His scientific achievements, but also his many publications, made him internationally famous. His sovereign elevated him to the baronetcy of the Grand Duchy of Hesse in 1845. He always turned down calls from famous universities, until the Bavarian king succeeded in luring him to Munich in 1852. Maximilian II, who brought many scientific capacities, the so-called "northern lights", south to the Bavarian capital, lured Liebig with a custom-built institute and laboratory.
Immortal thanks to meat extract
In Munich, his fame rose even higher; numerous honours were bestowed on the tireless chemist. But the fact that his name is still known outside specialist circles today is thanks to a sick child, of all things. For the daughter of a friend, who was unable to eat solid food because of cholera, he developed a "fortifying food": through a lengthy process of soaking and reducing beef, a thick "meat extract" was created.
Liebig around 1866
It was this rather incidental invention that made his name immortal. The "Extractum Carnis" first appeared on the market as a tonic for the sick in pharmacies from 1864. Later, Liebig entered into a cooperation with a resourceful German entrepreneur who was able to produce large quantities of the meat extract cheaply in Uruguay (32 kilos of beef were needed for one litre of extract!). This made it possible to market the product on a large scale worldwide at affordable prices. The meat extract was the forerunner of all stock cubes and instant soups - and also about the only invention that actually made Liebig money. The extract's popularity was also helped by the "Liebig pictures" that were enclosed in the packages and became coveted collector's items.
Baking powder and baby Food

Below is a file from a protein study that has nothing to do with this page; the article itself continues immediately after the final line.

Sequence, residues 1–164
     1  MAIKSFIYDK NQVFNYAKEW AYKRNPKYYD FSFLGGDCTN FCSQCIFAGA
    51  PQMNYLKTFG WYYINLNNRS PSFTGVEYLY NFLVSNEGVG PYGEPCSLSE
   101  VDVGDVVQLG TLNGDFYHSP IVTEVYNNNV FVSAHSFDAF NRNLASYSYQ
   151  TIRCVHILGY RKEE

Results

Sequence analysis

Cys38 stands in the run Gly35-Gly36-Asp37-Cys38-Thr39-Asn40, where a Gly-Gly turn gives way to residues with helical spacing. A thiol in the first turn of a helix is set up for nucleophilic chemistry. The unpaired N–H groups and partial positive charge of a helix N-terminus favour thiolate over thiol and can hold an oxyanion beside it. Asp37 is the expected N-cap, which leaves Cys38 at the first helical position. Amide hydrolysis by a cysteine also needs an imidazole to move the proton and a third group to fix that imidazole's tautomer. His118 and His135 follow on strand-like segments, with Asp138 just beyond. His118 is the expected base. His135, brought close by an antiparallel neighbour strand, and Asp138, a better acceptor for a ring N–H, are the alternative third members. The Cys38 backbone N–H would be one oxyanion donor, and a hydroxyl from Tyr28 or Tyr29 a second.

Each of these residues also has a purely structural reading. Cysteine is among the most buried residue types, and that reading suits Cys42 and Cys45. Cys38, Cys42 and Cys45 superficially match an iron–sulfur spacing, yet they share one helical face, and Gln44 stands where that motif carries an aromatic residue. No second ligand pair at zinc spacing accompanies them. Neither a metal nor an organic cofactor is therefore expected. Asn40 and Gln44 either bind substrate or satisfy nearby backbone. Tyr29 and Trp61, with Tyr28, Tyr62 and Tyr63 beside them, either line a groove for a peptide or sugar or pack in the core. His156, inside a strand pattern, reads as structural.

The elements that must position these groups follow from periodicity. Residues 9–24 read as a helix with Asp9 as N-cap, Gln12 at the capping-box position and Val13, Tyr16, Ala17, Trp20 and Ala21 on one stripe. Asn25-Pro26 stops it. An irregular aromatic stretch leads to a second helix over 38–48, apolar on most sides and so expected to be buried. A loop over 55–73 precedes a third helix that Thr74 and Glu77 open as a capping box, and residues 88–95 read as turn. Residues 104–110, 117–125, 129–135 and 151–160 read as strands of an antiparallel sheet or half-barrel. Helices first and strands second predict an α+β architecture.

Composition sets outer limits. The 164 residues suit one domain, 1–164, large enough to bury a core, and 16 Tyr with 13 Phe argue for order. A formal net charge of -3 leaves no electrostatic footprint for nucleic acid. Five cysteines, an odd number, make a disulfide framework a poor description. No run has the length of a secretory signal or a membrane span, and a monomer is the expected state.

To this day, international food companies use Liebig's name as a trademark, for example 001519677EM (registered by GB Foods from Belgium in 2000). Other Liebig trademarks are or were, for example, 23161DE (now cancelled trademark from 1896); 38467DEtrademark from 1899 (cancelled in 2001) or 476580DE trademark from 1934 (cancelled in 2005).
Liebig also invented baking powder, but it was only years later that it became a great commercial success thanks to August Oetker's marketable preparation. In addition, Liebig is practically the inventor of baby food, as he developed a "soup for babies".
Justus von Liebig died 150 years ago, on 18 April 1873, a highly honoured and world-famous man in Munich - a few years before the foundation of a German patent office, where he certainly would have had many of his inventions protected.
Liebig as an expert: death by flame in Darmstadt
Liebig's name is also associated with a piece of criminal history. On 13 June 1847, a young man in his home town of Darmstadt had observed flames in the house next door in Neckarstraße, which went out again after a short time. A short time later, Countess Emilie von Görlitz was found dead in her flat - burnt to death! At first, the police could not make sense of what had happened. It was assumed that it must have been a case of spontaneous human combustion, which was still mentioned in some medical textbooks at the time (and still haunts the media today). When the countess's servant came under suspicion, Liebig was called in as an expert witness in a complicated circumstantial trial. He proved in court that spontaneous combustion of the human body is completely impossible. The servant was convicted as a robber-murderer. Later he confessed to the crime.
Text: Dr. Jan Björn Potthast; Pictures: DPMAregister, poblic domain via Wikimedia Commons, Wilhelm Trautschold public domain via Wikimedia Commons, via Wikimedia Commons, DPMAregister, public domain via Wikimedia Commons, via Wikimedia Commons
Last updated: 22 June 2023